HOUSTON (Covering Katy News) – The Houston Community College System Board of Trustees has approved a plan to purchase 24 acres of land near the University of Houston Katy campus that is currently under construction at the northeast corner of I-10 and the Grand Parkway. Trustees also approved a three-year purchase option to acquire an adjoining 30 acres.
The property that will be purchased is at 228 Colonial Parkway, just north of the intersection of Grand Parkway and Colonial Parkway.
Five Trustees voted for the plan. Trustees Dave Wilson and Robert Glaser were the only two members of the board who voted against the plan. Dr. Pretta VanDible Stallworth and Neeta Sane abstained.
Like What You're Reading?
“I’d love to build a campus for the good people of Katy, but I can’t do it on the backs of the taxpayers,” said trustee Dave Wilson.
“I feel like the uncle who is signing the car note,” said trustee Robert Glaser.
Some members of the public also spoke against the Katy campus move and expansion saying there were other unmet needs within the system at campuses that are supported by taxpayers.
HCC Northwest President Zach Hodges said the expansion will be funded by student tuition and will require community support because the Katy campus does not have funding from taxpayers. Two plans under consideration that would offset the lack of taxpayer support would be selling naming rights to the building and possibly building a mixed-use facility that will have commercial space on the first floor that will generate rental income.
HCCS would borrow up to $55 million for the purchase of land, design, and programming, and construction of the project. It would sell the Foxlake Drive property in the Katy area and two other properties to help pay for the new campus.
Hodges was pleased that Trustees approved the Katy expansion plan.
“I see it as a vote of confidence,” Hodges said. “We need science labs and engineering labs and 21st-century classrooms that are a natural feeder to UH.”
The goal is for HCC is to provide the first two years of instruction for the University of Houston programs offered in Katy. The University of Houston is not going to offer freshman and sophomore level classes, but HCC will offer them and students’ credits will be transferable.
“It’s a great win for us as well,” said Jay Neal of the University of Houston of the vote to move HCC’s Katy campus next to the UH Katy campus.
Hodges believes it’s critical to have the HCC Katy campus and UH Katy campus as close as possible to each other so that the transition for students is seamless. HCC will provide “a four-year college experience,” Hodges said. Having a co-location means students will spend their four years on essentially the same property taking classes and working toward their degrees.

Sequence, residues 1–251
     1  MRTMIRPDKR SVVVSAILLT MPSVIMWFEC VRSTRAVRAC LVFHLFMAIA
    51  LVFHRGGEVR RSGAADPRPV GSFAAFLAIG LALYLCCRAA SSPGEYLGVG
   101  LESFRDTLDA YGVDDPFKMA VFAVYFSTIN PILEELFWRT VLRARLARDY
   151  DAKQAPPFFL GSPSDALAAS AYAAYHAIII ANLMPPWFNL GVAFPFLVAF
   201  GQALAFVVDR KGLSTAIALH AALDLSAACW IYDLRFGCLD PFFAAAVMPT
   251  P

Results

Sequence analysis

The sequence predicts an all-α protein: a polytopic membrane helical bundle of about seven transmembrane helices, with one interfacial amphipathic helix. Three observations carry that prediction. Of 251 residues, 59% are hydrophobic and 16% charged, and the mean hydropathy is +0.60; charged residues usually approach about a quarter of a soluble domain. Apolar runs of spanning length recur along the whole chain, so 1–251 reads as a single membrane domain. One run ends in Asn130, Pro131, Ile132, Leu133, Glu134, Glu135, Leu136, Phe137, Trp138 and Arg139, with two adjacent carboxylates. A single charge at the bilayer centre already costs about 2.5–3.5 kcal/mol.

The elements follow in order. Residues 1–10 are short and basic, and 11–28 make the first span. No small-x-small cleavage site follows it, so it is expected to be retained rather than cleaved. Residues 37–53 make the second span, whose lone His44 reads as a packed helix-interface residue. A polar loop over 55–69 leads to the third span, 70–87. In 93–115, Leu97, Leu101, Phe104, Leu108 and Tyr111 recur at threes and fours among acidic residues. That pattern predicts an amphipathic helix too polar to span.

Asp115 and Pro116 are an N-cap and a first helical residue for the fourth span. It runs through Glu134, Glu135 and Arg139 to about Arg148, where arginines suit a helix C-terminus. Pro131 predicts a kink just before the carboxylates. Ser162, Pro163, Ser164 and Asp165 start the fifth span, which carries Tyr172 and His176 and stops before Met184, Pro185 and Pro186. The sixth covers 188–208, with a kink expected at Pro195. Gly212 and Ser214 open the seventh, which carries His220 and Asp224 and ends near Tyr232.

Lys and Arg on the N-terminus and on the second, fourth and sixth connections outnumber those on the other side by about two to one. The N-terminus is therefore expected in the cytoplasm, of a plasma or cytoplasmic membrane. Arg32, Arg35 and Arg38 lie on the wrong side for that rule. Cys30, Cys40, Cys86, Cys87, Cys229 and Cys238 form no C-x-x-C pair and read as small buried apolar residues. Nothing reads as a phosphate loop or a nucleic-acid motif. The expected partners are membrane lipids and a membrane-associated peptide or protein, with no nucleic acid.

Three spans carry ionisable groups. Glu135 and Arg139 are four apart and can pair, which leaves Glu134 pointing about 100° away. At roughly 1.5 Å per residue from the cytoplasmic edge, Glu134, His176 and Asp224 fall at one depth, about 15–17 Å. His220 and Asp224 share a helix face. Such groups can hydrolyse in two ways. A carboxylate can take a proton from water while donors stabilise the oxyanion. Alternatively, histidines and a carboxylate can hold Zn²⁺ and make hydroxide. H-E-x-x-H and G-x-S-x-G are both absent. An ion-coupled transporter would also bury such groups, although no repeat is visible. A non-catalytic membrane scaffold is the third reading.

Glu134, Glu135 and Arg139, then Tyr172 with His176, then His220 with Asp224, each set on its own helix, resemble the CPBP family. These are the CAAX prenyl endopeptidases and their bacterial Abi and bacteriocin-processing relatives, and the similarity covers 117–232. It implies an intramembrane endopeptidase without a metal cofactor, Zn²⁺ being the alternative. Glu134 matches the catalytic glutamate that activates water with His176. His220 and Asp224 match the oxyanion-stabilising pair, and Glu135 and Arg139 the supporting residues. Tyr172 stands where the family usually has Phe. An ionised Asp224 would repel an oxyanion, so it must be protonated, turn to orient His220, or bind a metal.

HCC currently serves about 4,500 students, but Hodges expects a much larger student population in the future. The new campus will help HCC Katy achieve that goal.
“Our model is for around 7,000 students,” he said.
West Houston has experienced a tremendous population growth that has increased the enrollment in Katy ISD by 242 percent over the past 28 years, according to an HCCS document.
“The explosive growth in Katy will require an educated, trained workforce,” said Associate Provost Ronald Salazar of the University of Houston-Victoria Katy. UHV Katy works in conjunction with HCC to help meet the employment training and educational demands of the future. Salazar noted that HCC and UHV have the same goals — to train the workforce of the future.
“We have the programs that workers at Amazon, Federal Express, GEICO and Igloo are going to be demanding. So together we are going to meet that demand,” Salazar said.
HCC Katy is currently in discussions with UH to create workforce programs and offer comprehensive baccalaureate programs.
The West Houston Association worked with UH in selecting the property as its new Katy location. The organization has a history of bringing new ideas to Greater West Houston in infrastructure, public policy and planning.
“Three million people can reach this location in less than 30 minutes,” said West Houston Association President and CEO Auggie Campbell.
Campbell noted that the West Houston area is underserved in educational opportunities for high school graduates, and that is why the UH System partnership with the Houston Community College System is so important.
The HCCS administration expects the Katy co-location will increase revenue by $168 million over the term of the 27-year loan, leaving the school with a net cash inflow of nearly $29 million.
The next steps for the board include the selection of an architectural firm, approving the building design and programming, and selecting the construction firm that will build the new campus.
The current schedule would have the campus opening in 2021.